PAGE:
"process of reasoning, mental process of passing from the cognition of premises to the cognition of the conclusion," 1520s, from Latin ratiocinationem (nominative ratiocinatio) "a reasoning, calm reasoning," noun of action from past-participle stem of ratiocinari "to reckon, compute, calculate; to deliberate, meditate; to reason, argue, infer." This is a compound of ratio "reckoning, calculation," also "judgment, reason" (see ratio) + -cinari, which probably is related to conari "to endeavor, to try," from PIE *kona-, from root *ken- "to hasten, set oneself in motion" (see deacon).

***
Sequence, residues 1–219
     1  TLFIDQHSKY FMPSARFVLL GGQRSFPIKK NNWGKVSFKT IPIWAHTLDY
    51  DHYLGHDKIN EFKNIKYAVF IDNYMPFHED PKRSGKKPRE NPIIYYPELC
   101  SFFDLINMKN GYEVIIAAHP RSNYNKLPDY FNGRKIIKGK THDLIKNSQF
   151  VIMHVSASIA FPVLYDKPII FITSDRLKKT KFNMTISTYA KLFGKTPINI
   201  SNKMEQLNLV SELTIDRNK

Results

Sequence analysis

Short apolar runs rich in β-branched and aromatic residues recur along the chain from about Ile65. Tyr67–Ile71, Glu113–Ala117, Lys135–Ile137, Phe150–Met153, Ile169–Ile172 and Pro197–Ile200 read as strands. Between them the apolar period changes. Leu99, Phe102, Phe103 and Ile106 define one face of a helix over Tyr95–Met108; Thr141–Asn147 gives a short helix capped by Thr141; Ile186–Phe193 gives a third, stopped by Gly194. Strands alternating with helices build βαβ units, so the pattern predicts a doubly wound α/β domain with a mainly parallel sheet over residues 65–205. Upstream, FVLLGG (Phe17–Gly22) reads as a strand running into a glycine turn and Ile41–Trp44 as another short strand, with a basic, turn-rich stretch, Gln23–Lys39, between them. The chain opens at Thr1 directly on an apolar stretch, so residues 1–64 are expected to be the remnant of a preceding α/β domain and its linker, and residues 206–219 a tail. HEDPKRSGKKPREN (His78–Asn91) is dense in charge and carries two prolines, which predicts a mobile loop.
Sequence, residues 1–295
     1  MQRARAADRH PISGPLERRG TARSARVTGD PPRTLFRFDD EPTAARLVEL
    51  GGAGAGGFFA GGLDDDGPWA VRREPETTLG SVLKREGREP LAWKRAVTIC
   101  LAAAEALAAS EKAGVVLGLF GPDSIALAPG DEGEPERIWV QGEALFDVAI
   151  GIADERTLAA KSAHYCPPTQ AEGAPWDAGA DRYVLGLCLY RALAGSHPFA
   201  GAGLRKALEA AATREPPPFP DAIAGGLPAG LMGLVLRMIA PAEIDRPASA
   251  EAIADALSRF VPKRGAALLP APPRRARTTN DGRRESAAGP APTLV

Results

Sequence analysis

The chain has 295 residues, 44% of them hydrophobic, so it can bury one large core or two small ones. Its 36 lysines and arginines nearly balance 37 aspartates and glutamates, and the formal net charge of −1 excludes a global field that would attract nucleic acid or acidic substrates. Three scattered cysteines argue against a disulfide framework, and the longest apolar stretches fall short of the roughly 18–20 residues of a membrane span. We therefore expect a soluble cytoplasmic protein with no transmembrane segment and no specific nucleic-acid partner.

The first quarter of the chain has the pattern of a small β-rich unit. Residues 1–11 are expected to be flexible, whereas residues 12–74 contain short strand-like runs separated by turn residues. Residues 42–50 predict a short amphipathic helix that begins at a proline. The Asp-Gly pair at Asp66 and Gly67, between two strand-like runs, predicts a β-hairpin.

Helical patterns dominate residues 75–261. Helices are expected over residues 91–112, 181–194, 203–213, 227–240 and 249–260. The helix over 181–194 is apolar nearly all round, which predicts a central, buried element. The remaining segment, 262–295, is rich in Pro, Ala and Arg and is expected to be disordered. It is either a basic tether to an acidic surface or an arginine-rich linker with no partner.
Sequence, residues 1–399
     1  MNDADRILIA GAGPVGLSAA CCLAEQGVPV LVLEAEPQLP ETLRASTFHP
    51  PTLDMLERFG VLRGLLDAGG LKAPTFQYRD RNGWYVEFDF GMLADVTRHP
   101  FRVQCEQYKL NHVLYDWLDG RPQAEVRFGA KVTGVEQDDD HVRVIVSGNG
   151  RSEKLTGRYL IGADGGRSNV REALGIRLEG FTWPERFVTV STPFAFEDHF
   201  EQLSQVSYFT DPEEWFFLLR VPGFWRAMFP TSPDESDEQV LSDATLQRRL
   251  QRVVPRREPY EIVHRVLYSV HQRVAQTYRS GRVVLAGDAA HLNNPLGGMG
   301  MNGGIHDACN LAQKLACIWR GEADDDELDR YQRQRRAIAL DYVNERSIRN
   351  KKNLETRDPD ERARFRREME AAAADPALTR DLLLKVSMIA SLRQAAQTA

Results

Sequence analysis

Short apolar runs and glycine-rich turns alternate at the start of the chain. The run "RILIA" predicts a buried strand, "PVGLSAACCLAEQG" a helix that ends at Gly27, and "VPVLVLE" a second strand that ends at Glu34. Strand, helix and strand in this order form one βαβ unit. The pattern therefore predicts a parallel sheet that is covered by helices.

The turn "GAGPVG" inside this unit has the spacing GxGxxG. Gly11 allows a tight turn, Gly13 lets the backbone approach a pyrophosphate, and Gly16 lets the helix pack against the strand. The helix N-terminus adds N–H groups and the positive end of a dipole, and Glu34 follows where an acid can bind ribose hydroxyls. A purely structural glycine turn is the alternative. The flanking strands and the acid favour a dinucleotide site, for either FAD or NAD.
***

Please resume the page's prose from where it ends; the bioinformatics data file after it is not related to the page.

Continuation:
Most writers make ratiocination synonymous with reasoning. J.S. Mill and others hold that the word is usually limited to necessary reasoning. [Century Dictionary]